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From:  Joe Martin
Date:  Sat Feb 12, 2000  1:42 am
Subject:  Re: Writing Hearing Person's Gestures


> SignWriting List
> February 11, 2000
> Hi Joe -
> Thanks for this question. I assume you are referring to writing
> hearing person's gestures?
> As you know that was the first thing recorded in SignWriting back in
> 1974 at the University of Copenhagen. Lars von der Lieth and his
> research group at the University hired me to sit in front of a
> videotape machine and record the difference between hearing and Deaf
> people's gestures - it was really more like writing body language in
> many cases, when it came to hearing people.
> So in other words, yes...SignWriting could be applied to writing the
> body language that accompanies spoken languages, but the question
> is...who would want it? smile...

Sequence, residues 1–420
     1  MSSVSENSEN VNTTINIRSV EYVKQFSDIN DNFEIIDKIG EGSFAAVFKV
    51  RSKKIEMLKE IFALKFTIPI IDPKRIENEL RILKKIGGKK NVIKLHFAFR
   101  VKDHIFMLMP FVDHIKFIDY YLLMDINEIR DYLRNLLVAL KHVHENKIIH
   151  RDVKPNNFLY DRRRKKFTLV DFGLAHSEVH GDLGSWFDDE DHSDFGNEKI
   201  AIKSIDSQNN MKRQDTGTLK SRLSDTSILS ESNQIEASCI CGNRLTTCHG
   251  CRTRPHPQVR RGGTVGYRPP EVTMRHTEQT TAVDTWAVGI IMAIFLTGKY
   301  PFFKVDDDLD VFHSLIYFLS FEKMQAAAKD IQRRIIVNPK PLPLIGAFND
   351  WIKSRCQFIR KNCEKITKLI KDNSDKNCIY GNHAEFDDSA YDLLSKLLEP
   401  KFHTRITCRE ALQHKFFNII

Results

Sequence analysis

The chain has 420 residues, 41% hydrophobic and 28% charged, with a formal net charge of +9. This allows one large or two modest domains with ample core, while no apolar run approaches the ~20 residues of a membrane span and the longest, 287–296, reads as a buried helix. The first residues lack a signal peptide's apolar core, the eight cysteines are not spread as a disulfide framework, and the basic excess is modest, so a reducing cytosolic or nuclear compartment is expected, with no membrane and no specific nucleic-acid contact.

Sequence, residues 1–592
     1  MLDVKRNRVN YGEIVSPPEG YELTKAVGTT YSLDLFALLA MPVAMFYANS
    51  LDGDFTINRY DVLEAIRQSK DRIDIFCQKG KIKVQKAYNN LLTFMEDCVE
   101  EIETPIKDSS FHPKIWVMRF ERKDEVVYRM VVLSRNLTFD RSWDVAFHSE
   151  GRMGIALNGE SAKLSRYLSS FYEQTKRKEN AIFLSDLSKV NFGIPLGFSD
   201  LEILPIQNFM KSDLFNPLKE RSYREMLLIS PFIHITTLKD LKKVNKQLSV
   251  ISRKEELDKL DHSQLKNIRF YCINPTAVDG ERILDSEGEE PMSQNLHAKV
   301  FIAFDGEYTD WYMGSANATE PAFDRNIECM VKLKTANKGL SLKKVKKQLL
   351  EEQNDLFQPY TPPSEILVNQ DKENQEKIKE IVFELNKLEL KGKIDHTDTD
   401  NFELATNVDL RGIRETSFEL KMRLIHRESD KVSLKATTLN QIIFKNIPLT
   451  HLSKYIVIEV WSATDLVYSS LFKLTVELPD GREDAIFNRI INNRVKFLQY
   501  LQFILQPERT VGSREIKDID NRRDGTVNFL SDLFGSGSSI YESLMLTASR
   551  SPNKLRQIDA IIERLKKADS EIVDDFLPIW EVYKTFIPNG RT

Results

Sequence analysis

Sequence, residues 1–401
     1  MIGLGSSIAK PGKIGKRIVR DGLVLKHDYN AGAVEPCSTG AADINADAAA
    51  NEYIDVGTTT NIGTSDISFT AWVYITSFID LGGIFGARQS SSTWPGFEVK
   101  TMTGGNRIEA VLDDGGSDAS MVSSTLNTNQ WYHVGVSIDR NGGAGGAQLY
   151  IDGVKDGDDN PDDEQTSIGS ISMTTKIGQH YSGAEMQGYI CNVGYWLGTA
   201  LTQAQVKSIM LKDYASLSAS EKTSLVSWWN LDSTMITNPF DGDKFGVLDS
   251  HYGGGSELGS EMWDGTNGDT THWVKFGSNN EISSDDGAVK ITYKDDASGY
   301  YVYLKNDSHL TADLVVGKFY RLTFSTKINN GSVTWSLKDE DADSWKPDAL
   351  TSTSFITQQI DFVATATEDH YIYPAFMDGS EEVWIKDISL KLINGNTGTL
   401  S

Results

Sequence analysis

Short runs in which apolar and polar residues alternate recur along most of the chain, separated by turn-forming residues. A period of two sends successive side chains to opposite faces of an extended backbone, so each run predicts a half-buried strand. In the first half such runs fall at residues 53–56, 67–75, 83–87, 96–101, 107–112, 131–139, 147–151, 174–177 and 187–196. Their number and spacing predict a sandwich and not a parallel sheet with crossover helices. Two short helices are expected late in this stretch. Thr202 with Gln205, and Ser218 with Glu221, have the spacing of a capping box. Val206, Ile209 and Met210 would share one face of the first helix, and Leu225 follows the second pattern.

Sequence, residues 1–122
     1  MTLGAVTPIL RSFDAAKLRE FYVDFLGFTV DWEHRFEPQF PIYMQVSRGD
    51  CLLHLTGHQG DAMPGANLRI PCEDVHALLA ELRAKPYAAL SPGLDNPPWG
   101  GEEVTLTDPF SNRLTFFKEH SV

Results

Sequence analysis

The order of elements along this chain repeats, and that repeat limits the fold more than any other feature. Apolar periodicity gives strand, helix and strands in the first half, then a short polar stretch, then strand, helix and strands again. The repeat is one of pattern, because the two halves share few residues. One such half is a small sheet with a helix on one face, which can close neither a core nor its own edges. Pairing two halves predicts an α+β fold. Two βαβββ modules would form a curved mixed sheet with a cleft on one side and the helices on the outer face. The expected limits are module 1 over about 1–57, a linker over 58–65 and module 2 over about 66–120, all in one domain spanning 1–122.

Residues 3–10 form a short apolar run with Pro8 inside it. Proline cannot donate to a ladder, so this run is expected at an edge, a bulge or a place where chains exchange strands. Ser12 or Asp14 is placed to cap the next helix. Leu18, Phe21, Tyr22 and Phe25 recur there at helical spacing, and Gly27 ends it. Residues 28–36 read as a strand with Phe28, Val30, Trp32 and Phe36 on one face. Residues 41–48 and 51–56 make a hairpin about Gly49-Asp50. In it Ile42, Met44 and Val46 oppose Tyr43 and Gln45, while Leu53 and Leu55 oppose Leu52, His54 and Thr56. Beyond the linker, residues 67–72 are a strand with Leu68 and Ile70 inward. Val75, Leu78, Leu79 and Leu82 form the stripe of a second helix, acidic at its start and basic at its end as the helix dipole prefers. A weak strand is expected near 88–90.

David McNeil's research lab at the University of Chicago comes immediately
to mind. There is currently a lot of interest in "gesture studies" now,
largely due to his pioneering work. "Gesture" in this case refers only to
those physical movements that accompany speech. McNeil has shown how
these are inseparably linked to speech, in our brains. (Even blind people
gesture when they speak.) Susan Goldin-Meadow and her
colleagues have even shown how a teacher can tell, from these gestures,
whether or not a student understands a particular concept. It's all very
interesting, and there is a lot of work being done on it. All that stuff
has to be transribed somehow, but I've not seen any reference to
Signwriting. Not yet, anyway.

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